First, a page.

In recent years we have observed a resurgence of the ‘ANZAC spirit’, which is meant to be a recognition of above anything else a sacred moral state, to which we can eternally aspire. Let’s break that down, shall we? ‘Honour’: If you mean blindly rushing in to support the idealistic notions of Empire and an even more blind faith in the concept of commerce as the only possible model for life in our land. Throughout my life the clarion cry has always been ‘protect our trade routes, defend our markets, insulate our farmers and nurture our innovators and manufacturers”. Never once, I think, had anyone stopped to question why? Why should we do this? Why should we go to battle so that we could protect the farmers and industrialists? To keep our economy buoyant? To protect our jobs? The jobs that are at the fickle mercy of the capitalists. The greed and devastation of the Great Depression showed how fragile the commercial world is. The recent economic crisis has showed that they have learned little, and yet every time, then and now the commercial barons argue they have little to spare for the workers whilst calling upon them to take up arms whenever their trade routes are in jeopardy. World War 1 was entirely about protection of their Empire. World War 2 was a reaction to the first but could that have been more justified? Was there honour in fighting in that war?

The ‘ANZAC Spirit’ also edifices ‘Sacrifice’. The word, itself implies a religious connection and a noble offering to the gods. Or to God, him/herself! Indeed all denominations of the spoke the rhetoric of ‘God’s Cause’, a language of the crusades, Christians vs. Moslems, either directly or indirectly, over their Sunday pulpits. The war was God’s righteous action and justified in the eyes of the church. Peace through violence was entirely sanctified. And so, even at Chunuk Bair, the most northern ground attained on Gallipoli, imbedded clergy were with the troops, to offer moral hope, assurances of righteous ness and inevitable a service of the last rights. Indeed, in this light, in this Holy Battle of the right Empire against the Wrong Empire: sacrifice was most appropriate. But our relatives, whether they believed in god or any deity, would never have signed on, had they known this. We all know they were simply cannon fodder, lambs slaughtered due to the incompetence of their leaders and the mighty will of the Turks to, understandably protect their lands. And we all know that the ‘great adventure’ and the swelling of patriotic mysticism were the tickets sold. These men did not die for their country, because there wasn’t one. They didn’t die under a New Zealand Flag. They died under a British Union Jack, one that barely acknowledged the small Colony from the South. We know that a sacrifice is often a willing subject, who can lay down life under the full belief that their actions are moral, right and beneficial. I’m not convinced that our troops really believed that once they were in play. Much of their heroic deeds were performed out of necessity and innovation, not for some greater noble cause. Close hand to hand action becomes far more primal in these situations – survival knows no borders or country to the individual.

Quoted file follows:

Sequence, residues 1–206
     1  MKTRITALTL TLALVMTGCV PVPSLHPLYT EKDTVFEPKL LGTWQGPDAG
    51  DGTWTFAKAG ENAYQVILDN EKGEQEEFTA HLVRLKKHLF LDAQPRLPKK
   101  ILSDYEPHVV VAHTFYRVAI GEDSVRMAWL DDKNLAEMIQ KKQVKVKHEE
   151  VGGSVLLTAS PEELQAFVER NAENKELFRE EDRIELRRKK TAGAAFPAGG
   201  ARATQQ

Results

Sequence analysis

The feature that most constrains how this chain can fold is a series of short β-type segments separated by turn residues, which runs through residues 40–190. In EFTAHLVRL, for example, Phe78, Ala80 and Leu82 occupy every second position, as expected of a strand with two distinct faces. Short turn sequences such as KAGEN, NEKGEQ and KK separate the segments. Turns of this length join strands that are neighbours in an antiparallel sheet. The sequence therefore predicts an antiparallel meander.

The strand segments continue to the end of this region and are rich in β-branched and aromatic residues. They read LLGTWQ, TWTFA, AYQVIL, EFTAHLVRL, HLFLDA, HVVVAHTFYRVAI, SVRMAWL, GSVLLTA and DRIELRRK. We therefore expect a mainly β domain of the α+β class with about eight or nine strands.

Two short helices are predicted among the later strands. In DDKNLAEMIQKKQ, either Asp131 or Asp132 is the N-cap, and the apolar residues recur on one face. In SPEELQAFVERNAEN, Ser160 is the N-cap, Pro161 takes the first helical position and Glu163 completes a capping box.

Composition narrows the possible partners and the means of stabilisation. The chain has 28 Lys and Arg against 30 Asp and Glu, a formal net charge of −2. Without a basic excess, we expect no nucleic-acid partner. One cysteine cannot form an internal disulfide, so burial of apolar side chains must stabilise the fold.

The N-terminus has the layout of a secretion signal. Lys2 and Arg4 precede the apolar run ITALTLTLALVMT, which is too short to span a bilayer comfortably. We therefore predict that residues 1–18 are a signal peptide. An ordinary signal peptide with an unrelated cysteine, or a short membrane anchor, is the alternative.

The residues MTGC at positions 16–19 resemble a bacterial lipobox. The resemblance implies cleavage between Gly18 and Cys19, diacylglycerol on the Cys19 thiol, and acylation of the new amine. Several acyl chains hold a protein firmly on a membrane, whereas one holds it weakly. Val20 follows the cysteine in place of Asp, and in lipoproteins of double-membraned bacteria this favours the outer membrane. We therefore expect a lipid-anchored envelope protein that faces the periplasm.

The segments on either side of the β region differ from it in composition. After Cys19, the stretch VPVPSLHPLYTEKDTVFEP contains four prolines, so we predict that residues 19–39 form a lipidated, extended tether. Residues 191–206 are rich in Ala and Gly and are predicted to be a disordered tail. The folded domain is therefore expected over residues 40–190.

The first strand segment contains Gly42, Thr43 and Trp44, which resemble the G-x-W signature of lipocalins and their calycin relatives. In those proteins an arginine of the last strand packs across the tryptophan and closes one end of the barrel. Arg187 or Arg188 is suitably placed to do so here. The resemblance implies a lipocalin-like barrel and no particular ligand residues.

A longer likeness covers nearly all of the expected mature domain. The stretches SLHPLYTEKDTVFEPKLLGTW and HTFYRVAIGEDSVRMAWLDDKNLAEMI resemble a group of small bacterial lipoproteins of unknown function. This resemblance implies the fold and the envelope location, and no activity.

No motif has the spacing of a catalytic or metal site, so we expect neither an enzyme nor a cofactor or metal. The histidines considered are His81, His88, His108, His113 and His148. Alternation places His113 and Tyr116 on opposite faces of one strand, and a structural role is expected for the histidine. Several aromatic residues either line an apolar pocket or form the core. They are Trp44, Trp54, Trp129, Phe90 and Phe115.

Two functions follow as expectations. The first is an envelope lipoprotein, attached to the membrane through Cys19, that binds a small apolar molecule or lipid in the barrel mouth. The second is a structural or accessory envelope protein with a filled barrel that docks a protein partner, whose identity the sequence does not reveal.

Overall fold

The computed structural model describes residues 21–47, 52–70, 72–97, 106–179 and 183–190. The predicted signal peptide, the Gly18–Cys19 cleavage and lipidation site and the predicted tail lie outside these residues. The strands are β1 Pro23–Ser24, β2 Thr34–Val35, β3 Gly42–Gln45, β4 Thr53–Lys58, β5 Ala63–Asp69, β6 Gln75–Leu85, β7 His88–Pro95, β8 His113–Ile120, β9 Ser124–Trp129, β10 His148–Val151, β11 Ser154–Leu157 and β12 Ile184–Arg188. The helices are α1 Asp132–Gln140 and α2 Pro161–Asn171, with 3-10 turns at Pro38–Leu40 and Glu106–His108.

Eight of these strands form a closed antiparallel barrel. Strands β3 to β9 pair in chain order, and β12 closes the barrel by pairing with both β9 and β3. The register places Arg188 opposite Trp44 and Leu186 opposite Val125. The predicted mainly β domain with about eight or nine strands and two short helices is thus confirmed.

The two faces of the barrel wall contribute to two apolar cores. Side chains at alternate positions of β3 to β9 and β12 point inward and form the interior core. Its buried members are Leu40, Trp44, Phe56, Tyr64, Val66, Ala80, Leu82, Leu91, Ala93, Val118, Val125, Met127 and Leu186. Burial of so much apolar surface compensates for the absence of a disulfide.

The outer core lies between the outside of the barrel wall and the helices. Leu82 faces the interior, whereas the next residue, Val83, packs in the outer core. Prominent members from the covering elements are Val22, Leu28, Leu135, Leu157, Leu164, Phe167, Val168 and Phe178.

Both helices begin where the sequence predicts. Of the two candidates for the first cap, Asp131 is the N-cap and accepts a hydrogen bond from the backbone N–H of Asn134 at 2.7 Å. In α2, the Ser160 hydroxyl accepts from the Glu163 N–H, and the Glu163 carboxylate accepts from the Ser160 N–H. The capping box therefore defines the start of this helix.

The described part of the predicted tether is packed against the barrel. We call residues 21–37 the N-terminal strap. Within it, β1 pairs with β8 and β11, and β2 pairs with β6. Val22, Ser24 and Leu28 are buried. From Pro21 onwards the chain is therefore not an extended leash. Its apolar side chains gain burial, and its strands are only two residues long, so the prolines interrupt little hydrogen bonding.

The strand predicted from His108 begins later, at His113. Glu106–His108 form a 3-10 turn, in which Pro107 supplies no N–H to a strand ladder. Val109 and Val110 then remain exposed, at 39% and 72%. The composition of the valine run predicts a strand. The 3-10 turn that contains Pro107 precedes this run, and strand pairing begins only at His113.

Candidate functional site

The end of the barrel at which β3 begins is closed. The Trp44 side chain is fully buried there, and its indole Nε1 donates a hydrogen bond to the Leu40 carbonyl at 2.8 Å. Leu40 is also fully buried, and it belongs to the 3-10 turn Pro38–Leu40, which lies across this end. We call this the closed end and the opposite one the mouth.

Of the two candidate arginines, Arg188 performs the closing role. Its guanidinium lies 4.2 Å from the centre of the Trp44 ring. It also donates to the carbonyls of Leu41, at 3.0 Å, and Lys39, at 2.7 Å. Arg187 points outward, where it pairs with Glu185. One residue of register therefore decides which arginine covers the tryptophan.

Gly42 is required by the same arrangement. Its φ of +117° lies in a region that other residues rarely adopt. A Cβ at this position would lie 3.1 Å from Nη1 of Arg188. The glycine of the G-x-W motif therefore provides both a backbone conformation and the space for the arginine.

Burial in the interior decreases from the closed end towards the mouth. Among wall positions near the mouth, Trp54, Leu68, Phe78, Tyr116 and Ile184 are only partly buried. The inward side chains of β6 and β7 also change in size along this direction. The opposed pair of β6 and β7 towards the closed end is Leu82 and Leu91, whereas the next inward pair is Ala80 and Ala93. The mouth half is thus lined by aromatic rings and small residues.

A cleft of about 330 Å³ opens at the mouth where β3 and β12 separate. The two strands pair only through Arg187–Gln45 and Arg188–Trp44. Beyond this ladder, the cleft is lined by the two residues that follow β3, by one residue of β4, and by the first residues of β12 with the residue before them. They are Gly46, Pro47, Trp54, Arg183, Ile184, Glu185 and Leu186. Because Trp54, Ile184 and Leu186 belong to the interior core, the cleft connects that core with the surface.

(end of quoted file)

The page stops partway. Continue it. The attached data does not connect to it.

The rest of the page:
The final is ‘Mateship’. And there I will agree. In trying times all humans will look to one another for support. It’s a common held belief that Kiwis and Aussies are friendly and willing in nature. This is out of necessity. That same little brother’s chip refuses to allow us to be arrogant, or to brush off any potential mates that we happen across. We always need friends, especially those bigger than us. After all the ANZUS debate, the Four Eyes Debate, a seat on the UN Security Council: these have all been solid arguments for mates who rate.